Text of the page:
Role of mycobacterial histidine biosynthesis in murine tubercular infection and pathogenesis

Dr. Abhisek Dwivedy’s interview with Bio Patrika hosting “Vigyan Patrika”, a series of author interviews. Dr. Dwivedy is a native of Angul, Odisha. He was born and raised in Chakradharpur, a small railway settlement in Jharkhand. After completing his schooling, he pursued the 5-years Integrated Masters Programme in Biology at the National Institute of Science Education and Research, Bhubaneswar. He undertook his doctoral research in structural and infectious disease biology at the National Institute of Immunology, New Delhi, where he is currently working as a post-doctoral Research Associate. Here, Abhisek talks about his first author work on “De novo histidine biosynthesis protects Mycobacterium tuberculosis from host IFN-γ mediated histidine starvation” published in Communications Biology.

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How would you explain your paper’s key results to the non-scientific community?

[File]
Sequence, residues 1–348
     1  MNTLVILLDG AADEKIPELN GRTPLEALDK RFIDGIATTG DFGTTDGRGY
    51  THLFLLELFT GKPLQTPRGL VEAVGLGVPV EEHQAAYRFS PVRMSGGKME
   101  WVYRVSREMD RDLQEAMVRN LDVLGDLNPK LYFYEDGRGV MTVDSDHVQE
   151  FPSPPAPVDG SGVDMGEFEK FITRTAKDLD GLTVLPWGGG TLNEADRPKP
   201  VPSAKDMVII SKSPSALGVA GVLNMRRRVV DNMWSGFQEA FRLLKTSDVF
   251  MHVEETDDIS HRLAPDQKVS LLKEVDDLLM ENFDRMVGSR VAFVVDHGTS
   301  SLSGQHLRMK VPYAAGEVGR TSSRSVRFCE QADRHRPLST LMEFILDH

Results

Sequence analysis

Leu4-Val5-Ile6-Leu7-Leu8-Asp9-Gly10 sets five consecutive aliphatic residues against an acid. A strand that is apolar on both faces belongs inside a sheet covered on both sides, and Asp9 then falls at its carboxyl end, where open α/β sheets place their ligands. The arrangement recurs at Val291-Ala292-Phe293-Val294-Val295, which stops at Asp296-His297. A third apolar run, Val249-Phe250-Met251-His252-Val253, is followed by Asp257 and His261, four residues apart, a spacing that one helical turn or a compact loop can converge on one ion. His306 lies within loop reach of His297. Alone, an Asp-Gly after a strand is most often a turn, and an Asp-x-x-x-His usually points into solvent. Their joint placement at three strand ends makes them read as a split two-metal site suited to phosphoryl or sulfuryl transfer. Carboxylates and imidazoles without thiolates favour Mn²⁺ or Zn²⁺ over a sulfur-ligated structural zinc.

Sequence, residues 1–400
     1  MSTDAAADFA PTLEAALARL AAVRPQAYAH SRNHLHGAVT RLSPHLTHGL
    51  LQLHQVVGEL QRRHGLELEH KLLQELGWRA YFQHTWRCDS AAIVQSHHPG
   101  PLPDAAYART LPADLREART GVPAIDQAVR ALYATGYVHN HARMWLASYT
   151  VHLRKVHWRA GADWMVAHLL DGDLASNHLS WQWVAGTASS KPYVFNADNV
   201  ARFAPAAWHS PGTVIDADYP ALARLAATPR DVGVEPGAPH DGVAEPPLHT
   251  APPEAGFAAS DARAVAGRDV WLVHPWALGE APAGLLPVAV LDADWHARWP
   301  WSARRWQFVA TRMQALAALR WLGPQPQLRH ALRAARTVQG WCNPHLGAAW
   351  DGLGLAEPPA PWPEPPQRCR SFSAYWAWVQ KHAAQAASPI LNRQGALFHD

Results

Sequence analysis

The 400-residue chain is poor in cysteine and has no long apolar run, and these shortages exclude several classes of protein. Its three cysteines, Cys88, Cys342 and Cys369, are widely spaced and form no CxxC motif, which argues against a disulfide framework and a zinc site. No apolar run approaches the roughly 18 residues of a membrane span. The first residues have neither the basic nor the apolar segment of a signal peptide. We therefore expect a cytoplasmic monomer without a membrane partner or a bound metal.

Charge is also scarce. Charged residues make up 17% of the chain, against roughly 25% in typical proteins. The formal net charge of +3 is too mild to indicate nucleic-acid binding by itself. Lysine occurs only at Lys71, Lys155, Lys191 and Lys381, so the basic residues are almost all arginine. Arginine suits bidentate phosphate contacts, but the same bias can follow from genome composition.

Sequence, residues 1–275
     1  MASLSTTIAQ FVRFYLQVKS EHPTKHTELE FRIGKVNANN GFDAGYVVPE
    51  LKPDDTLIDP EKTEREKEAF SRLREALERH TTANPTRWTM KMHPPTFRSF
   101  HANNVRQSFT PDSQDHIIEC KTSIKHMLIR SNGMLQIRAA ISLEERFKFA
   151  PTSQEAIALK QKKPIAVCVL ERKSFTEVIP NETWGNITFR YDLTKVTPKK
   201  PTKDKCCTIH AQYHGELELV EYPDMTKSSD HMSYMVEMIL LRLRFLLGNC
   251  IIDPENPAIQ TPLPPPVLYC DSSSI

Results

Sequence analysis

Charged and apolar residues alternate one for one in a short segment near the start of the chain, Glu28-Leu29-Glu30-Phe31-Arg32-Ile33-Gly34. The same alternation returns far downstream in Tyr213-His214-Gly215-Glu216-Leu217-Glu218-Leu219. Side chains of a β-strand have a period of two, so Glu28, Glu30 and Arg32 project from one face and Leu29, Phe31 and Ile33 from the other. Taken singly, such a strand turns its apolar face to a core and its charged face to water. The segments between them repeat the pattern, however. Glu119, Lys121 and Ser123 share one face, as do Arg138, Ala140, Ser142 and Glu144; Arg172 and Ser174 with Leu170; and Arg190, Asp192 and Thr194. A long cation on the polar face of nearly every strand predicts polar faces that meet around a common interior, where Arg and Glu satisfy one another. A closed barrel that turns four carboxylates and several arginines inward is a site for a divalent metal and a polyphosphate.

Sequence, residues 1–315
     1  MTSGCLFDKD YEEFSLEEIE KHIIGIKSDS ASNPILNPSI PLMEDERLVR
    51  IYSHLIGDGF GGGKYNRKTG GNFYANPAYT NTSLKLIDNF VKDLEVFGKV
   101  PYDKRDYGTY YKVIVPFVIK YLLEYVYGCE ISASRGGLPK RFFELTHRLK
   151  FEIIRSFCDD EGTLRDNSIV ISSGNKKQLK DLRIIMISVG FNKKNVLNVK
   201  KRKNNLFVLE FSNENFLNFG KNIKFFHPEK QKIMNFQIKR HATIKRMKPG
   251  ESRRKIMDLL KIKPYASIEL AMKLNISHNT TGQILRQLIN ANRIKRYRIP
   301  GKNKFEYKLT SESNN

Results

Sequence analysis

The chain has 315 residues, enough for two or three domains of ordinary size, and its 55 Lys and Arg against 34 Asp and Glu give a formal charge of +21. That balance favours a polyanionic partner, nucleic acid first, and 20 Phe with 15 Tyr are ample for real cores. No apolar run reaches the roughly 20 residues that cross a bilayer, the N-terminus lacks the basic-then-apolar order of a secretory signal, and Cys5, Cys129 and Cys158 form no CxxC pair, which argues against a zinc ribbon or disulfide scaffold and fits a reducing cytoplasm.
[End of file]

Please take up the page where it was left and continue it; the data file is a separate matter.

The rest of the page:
One can visualize infectious diseases as a set of two events- a burglary followed by a tug of war. A pathogen enters the host’s body and attempts to utilize the host resources to support their growth and multiplication. The host on the other hand uses various cellular mechanisms to prevent this unauthorized usage of their resources and also mounts an immune response to neutralize the pathogen. Mycobacterium tuberculosis (Mtb), the bacteria that causes tuberculosis in humans, siphons up a number of key resources from its hosts such as amino acids, iron and lipids for supports its own growth. There are 20 canonical amino acids in the living world. Many bacteria, fungi and plants can generate all the amino acids ab initio, however, mammals including humans lack the cellular machinery for the generation of 9 amino acids- histidine, isoleucine, leucine, valine, methionine, phenylalanine, tryptophan, lysine and threonine. These amino acids are therefore necessary to be absorbed through dietary means to maintain a healthy living and thus are termed as essential amino acids.